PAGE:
With gray clouds looming overhead, stagnant waters and headwinds upwards of 10 mph, the women’s crew team had to overcome rough conditions to defeat two nationally ranked teams this weekend.

The No. 2 Bulldogs took the Nathaniel Case Cup for the fifth year running with Saturday’s varsity eight victory over No. 13 Radcliffe and No. 3 University of Virginia. With the win, they draw out their perfect spring season to five triumphant regattas. But the varsity eight is not the only boat to remain undefeated — the second varsity eight and the varsity four came in first in their races as well, continuing their own uninterrupted winning streaks.

“It was a great day for our program,” head coach Will Porter said. “It seems like we have been rowing in wind all spring, and it just seems to be making us stronger. It is not like it is difficult to row in flat water — I think we’ll know what to do when we get our chance.”

The varsity eight race was close, but not for the Bulldogs, who pulled in at 7:17.9, a comfortable 4.7 seconds ahead of the second-place Black and White. Radcliffe barely eked out the second-place finish, however, coming in at 7:22.6 — barely more than a second ahead of the Cavaliers, who finished with a time of 7:23.7.

The second varsity eight had a similarly strong performance, coming in with a solid time of 7:22.7. The Black and White snagged another second place with a time of 7:28.4, and Virginia brought up the rear, clocking in at 7:31.3.

But perhaps the most exciting results of the regatta came in the first varsity four. During the 2006-2007 NCAA Championships, when the Cavaliers and the Elis met up in the varsity four Grand Final, Virginia took first with a time that was more than 10 seconds faster than its nearest competitor and almost 20 seconds faster than the Bulldogs, who pulled in at sixth. The Elis were not about to let history repeat itself, though — and they proved it with a 7:57.3 finish, 9.3 seconds ahead of last year’s varsity four champions.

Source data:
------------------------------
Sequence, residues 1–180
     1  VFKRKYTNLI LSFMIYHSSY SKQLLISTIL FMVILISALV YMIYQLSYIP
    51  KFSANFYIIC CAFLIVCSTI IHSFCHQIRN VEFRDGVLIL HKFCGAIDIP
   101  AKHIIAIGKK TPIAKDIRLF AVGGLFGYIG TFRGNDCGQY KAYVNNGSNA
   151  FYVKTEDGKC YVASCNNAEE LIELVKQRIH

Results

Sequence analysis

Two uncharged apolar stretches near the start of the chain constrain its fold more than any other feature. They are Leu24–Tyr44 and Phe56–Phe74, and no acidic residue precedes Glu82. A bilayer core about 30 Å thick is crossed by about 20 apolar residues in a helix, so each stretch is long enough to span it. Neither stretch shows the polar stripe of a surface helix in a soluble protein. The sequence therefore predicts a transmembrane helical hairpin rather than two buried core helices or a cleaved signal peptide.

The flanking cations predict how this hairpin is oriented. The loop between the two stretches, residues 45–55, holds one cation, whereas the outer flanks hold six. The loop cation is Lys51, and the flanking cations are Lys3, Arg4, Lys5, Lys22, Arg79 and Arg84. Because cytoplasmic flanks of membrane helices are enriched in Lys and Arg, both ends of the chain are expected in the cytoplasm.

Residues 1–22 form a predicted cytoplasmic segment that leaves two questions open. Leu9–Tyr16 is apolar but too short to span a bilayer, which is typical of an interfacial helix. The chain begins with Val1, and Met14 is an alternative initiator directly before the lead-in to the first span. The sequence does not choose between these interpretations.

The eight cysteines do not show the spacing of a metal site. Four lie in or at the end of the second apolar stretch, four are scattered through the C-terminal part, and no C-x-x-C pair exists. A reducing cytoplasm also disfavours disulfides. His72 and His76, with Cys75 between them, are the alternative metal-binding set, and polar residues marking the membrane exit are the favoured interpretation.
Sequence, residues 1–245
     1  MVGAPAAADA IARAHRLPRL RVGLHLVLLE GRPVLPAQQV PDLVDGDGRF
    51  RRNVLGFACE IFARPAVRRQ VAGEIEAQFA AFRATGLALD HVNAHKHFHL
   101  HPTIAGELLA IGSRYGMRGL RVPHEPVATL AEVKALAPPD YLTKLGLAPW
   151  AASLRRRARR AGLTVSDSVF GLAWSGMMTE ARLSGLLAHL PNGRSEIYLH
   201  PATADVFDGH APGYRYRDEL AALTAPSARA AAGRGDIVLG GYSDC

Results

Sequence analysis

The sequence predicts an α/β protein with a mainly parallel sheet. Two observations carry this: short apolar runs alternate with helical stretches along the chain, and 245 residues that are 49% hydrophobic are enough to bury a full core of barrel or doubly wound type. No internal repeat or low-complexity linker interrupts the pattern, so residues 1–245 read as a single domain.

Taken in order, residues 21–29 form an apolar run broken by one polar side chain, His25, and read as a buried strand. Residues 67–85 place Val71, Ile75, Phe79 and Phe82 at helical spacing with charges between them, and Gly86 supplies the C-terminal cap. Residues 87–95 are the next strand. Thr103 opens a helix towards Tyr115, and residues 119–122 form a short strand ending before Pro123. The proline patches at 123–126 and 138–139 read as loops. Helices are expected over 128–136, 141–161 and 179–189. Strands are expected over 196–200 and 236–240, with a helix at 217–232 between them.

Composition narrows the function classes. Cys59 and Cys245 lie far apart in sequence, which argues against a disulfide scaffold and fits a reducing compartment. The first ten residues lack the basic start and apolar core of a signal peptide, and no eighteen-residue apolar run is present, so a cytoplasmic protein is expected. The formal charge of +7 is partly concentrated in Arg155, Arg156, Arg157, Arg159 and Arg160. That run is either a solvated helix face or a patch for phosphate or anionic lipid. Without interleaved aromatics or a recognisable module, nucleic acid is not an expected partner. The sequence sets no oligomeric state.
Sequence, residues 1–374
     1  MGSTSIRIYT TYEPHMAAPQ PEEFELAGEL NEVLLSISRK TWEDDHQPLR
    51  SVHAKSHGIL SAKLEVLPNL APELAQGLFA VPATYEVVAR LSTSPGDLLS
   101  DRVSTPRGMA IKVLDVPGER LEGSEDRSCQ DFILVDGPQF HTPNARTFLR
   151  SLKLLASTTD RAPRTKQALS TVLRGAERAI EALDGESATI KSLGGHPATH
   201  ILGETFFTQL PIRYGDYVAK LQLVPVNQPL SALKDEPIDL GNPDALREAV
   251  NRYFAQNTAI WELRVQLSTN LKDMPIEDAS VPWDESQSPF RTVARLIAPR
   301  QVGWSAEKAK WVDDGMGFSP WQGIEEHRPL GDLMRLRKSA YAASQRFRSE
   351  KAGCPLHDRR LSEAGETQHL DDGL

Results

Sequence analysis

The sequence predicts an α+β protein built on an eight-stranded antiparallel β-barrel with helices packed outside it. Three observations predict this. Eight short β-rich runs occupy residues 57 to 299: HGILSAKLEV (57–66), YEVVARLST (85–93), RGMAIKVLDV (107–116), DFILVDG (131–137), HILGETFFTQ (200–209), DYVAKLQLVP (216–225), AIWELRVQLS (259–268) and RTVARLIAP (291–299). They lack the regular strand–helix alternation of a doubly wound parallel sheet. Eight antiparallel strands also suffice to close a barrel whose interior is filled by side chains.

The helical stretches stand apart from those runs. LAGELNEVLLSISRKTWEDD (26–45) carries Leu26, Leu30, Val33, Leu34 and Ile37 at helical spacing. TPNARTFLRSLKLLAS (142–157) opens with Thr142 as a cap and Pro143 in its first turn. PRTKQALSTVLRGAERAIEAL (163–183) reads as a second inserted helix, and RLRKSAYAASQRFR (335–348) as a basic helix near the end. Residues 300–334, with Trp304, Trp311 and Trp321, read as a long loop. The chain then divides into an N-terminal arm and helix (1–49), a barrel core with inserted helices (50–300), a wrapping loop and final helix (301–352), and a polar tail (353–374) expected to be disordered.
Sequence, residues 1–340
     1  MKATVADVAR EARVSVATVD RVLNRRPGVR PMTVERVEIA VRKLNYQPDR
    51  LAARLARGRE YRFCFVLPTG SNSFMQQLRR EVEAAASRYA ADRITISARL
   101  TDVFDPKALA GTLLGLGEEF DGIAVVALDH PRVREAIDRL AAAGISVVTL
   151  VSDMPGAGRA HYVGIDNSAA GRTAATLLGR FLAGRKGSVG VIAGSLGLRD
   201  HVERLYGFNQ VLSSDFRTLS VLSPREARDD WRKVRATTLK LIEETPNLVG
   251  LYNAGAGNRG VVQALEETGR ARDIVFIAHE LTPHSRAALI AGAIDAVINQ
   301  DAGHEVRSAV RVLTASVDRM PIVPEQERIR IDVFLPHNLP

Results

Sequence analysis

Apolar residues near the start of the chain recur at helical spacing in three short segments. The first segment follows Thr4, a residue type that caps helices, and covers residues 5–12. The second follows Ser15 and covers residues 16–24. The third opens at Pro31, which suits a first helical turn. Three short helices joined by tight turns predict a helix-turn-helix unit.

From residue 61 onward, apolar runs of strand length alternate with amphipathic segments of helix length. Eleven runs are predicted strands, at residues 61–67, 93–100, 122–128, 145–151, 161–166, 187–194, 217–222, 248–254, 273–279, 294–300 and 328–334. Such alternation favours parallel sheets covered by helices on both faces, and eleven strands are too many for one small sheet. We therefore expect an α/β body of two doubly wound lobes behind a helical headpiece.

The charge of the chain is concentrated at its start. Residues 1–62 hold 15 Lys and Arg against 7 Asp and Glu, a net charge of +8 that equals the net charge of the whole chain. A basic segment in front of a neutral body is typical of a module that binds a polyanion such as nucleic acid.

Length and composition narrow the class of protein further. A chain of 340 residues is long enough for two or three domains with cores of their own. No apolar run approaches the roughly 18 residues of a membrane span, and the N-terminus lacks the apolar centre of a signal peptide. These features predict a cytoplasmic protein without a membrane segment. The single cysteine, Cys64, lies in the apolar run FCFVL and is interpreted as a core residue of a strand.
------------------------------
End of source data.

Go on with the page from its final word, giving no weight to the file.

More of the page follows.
“I think we had strong results this weekend, and it’s a good indicator that we are where we need to be as a team,” captain Jennie Hansen ’08 said. “We’re getting near our top end speed. We showed our depth again today in all crews, and we’ve proven that we can put together a good race over the full 2,000 meters.”

The remainder of the Yale boats could not quite manage to eke out wins of their own. The third varsity four B boat clocked in at 8:28.5, only a few seconds behind Virginia, but the third varsity four C boat had a tougher time of it, coming in 14.8 seconds behind the Cavaliers with a final tally of 8:51.2, and the novice eight finished with a time of 8:12.4, sandwiched between the first-place Black and White at 7:57.0 and the trailing Cavaliers at 8:16.3.

“The novices are doing just fine,” Hansen said simply. “They had a good race against Virginia today, but maybe didn’t accomplish what they wanted against Radcliffe. Freshman year is such a building year,” she explained. “I think the most important parts are just learning how to race at the DI level and learning the ropes of the team.”

Now the squad must focus on the final race of the year before they enter the EAWRC sprints May 18 — next week’s regatta against defending NCAA champion Brown. The Bears are 4-1 this season, and this weekend’s regatta against Columbia and Cornell saw them defeat their opponents in all six races. Based on Brown’s recent performances, there is no doubt that it will be a difficult contest, Porter said.

“There is no rest for us as we get ready to race Brown, the defending NCAA champions, next weekend,” Porter said. “They seem to have things rolling just at the right time and there is no course more challenging than theirs. Next week we will be right up against it again.”